Sex Trafficking In Women

691 Words3 Pages
Rubin’s theory is used in this work to state the power struggle of the findom. Since the findom can be placed in this vague status, it can be located in Rubin’s theory of an imaginary line between good and bad sex, titled “the struggle over where to draw the line” (Figure 2). Rubin points out that the line seemingly stands between sexual order and chaos; however, some behavior is considered vague near the border – for example, the coupled and monogamous homosexuality (Rubin, 1993: 14–15). Therefore, the findom can be placed in the “major area of contest” in the figure since it can be “good” and “bad” simultaneously.

(Figure 2.)

As Rubin (1993) states, the sex hierarchy not only functions for societies to appraise the value of sex but also unequally rewards individuals in different levels of the hierarchy. Each individual receives different power benefits in social position according to his/her sexual position. Sexuality, through the hierarchal system, is engaged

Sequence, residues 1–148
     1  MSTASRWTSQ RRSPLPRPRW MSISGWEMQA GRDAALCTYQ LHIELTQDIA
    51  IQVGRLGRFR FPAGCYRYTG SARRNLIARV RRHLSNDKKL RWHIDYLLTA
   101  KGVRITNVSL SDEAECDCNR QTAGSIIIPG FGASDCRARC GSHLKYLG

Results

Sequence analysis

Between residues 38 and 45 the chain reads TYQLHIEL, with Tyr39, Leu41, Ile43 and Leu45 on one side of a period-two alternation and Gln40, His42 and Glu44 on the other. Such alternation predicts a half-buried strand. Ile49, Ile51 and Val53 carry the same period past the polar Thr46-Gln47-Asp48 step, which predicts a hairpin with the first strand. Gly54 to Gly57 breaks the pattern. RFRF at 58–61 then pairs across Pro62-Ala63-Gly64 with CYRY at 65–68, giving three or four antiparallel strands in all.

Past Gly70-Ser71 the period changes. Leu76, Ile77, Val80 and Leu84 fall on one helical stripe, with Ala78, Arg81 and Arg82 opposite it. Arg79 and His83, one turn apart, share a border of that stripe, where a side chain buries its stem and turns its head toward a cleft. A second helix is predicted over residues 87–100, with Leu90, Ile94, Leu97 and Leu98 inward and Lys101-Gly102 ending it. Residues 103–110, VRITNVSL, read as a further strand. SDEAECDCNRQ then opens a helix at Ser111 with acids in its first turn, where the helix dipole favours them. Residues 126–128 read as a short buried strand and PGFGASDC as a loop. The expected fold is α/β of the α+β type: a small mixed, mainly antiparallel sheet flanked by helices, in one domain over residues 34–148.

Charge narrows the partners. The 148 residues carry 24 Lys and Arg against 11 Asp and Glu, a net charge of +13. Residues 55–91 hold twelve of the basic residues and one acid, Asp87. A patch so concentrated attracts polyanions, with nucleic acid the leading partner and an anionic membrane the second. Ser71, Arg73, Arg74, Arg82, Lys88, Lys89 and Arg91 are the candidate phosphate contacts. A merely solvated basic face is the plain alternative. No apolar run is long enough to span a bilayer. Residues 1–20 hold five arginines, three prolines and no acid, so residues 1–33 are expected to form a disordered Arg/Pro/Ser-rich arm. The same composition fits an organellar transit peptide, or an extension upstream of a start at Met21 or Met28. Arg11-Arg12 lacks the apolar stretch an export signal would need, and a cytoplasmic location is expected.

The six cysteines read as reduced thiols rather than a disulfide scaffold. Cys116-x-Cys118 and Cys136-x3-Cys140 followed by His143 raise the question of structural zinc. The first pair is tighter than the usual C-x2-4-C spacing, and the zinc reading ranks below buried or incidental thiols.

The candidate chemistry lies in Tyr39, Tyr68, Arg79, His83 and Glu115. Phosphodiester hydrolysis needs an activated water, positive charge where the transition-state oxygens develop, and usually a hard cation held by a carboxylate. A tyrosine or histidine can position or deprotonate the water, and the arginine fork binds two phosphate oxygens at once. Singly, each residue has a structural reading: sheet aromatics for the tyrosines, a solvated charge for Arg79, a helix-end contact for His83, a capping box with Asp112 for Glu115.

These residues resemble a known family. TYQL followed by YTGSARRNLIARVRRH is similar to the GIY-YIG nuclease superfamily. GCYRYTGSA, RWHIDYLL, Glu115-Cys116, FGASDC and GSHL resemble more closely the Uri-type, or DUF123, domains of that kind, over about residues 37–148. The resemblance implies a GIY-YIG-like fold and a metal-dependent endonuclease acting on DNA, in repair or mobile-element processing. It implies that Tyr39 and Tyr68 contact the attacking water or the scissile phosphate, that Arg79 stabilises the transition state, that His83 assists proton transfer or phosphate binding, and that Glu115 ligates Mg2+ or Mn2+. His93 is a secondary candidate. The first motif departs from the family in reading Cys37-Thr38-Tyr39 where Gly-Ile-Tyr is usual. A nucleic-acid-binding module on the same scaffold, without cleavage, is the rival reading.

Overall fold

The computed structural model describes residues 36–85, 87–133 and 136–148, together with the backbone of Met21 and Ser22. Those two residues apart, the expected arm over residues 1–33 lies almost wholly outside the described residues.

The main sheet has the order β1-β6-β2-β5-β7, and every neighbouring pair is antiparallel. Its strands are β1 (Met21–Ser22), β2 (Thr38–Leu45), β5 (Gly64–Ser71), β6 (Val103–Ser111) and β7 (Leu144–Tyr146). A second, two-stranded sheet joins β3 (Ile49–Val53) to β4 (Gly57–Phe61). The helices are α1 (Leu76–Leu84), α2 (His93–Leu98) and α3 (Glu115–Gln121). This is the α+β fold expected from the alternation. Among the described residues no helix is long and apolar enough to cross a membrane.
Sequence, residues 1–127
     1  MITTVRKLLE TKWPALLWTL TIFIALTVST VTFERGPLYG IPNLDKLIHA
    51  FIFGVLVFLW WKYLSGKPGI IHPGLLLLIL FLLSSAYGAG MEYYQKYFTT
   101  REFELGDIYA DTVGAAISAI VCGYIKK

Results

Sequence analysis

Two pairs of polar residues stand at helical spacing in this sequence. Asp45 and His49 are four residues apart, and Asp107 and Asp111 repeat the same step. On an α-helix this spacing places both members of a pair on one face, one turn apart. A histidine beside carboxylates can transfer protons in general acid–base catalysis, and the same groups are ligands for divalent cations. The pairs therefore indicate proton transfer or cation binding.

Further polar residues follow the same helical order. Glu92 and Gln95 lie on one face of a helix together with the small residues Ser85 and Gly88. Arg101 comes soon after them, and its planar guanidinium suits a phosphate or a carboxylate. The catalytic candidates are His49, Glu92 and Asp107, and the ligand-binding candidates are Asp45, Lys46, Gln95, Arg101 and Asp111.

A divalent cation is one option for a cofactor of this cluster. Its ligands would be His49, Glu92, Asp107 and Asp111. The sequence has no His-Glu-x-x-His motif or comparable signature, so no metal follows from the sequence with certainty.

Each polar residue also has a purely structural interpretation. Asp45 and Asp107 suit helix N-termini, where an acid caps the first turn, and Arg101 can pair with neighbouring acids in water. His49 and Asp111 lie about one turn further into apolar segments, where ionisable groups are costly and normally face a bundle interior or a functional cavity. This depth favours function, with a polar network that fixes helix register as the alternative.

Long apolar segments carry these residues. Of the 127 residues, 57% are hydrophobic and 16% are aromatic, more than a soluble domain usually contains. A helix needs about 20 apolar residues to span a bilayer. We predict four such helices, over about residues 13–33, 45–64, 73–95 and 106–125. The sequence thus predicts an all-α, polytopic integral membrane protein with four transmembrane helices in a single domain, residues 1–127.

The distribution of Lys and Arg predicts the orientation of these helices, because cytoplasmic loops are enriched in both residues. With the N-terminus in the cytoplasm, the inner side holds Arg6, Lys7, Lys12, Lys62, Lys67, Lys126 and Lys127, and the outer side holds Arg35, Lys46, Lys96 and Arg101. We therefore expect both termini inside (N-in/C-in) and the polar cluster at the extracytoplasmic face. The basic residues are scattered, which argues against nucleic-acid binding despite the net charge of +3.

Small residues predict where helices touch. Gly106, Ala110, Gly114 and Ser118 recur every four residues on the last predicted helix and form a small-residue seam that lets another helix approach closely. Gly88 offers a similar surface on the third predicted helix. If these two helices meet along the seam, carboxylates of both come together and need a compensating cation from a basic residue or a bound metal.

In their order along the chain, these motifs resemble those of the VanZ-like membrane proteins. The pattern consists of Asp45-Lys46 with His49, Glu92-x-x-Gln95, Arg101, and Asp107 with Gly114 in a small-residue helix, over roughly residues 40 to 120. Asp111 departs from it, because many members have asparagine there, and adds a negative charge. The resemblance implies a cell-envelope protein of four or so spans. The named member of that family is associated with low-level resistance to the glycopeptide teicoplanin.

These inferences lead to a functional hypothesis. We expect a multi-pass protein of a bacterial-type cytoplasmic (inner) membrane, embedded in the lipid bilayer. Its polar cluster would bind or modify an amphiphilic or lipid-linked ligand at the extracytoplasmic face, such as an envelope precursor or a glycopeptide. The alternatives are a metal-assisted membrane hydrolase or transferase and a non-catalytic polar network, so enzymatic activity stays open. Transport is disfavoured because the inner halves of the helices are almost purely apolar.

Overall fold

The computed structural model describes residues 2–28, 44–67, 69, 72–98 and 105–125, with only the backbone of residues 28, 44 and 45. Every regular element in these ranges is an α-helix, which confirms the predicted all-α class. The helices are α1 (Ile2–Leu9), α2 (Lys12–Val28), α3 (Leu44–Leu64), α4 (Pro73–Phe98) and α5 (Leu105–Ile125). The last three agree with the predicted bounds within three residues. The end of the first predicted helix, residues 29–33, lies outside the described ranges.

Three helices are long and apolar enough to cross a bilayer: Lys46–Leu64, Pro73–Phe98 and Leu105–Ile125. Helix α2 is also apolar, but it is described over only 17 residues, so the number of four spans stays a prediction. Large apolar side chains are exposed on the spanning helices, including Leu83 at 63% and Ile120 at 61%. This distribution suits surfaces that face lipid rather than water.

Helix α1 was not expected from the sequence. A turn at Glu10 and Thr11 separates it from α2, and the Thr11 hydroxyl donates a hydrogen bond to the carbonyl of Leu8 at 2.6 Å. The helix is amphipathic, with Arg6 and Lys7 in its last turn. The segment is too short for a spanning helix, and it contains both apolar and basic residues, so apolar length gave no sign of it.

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Butler says the formulation of gender trouble is built on Rubin’s theory The Traffic in Women (1975), which describes how “normative sexuality fortifies normative gender” and how “sexual practice has the power to destabilize gender” (Butler, 1999: xi). As if sexual practice has the power to destabilize gender, sexual behavior has the power to challenge gender normativity. The statement, in this research, is linked to Jackson’s (1995) suggestion that heterosexuality is neither fixed nor unchanging. The heterosexual normativity can be destabilised through sexual practices, and the constraints can be challenged through the materiality of the findom. The findom here is considered as a medium or a signifier to provide new signification of the “re-articulation” of desire, pleasure, and heterosexuality. This is therefore the possibility of subversion of the findom through bodies’ sexual
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